Genetic dissection of tumor development, therapy response and resistance in mouse models of BRCA1-deficient breast cancer

Jos Jonkers1

1Netherlands Cancer Institute, Amsterdam, The Netherlands


Advancing cancer medicine through development of individualized cancer treatment requires detailed knowledge of the mechanisms underlying therapy response and acquired resistance. Mouse models of human cancer provide powerful tools to study these aspects in a realistic in vivo setting.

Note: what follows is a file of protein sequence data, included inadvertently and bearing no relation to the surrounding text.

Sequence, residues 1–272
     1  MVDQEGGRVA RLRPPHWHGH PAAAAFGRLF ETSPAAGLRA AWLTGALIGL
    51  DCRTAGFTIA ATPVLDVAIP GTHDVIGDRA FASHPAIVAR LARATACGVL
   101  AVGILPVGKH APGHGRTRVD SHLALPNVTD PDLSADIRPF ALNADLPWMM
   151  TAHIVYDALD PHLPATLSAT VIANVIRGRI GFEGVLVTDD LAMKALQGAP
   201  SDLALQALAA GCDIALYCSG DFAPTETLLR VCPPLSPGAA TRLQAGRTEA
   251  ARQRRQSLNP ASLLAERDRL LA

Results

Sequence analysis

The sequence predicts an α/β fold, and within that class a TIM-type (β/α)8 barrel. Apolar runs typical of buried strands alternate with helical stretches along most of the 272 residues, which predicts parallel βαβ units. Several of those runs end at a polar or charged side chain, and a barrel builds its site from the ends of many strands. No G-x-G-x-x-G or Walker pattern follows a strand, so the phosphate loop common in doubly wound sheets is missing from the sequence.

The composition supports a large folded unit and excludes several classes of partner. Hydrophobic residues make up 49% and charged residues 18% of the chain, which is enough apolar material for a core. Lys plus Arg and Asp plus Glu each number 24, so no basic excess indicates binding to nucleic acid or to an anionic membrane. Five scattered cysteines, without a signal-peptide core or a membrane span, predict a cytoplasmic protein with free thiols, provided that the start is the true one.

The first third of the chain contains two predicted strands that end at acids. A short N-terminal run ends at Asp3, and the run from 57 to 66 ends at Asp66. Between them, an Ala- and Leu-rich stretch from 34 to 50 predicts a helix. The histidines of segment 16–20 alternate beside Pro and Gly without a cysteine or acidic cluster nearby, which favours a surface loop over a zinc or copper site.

We have established several genetically engineered mouse models (GEMMs) and patient-derived tumor xenograft (PDX) models for BRCA1-deficient breast cancer. These mice develop mammary tumors that are characterized by genomic instability and hypersensitivity to DNA-damaging agents, including platinum drugs and PARP inhibitors. We have used these mammary tumor models for preclinical evaluation of therapy response and elucidation of mechanisms of acquired drug resistance. Using functional genetic screens, reverse genetics and genomic analysis of therapy-resistant tumors, we found that therapy response and resistance of BRCA1-deficient mammary tumors to cisplatin and the clinical PARP inhibitor olaparib is affected by several factors, including drug efflux transporter activity, type of BRCA1 founder mutation and 53BP1 or REV7 status. Also BRCA1 re-activation via genetic or epigenetic mechanisms contributes to acquired therapy resistance in PDX models of BRCA1-deficient breast cancer.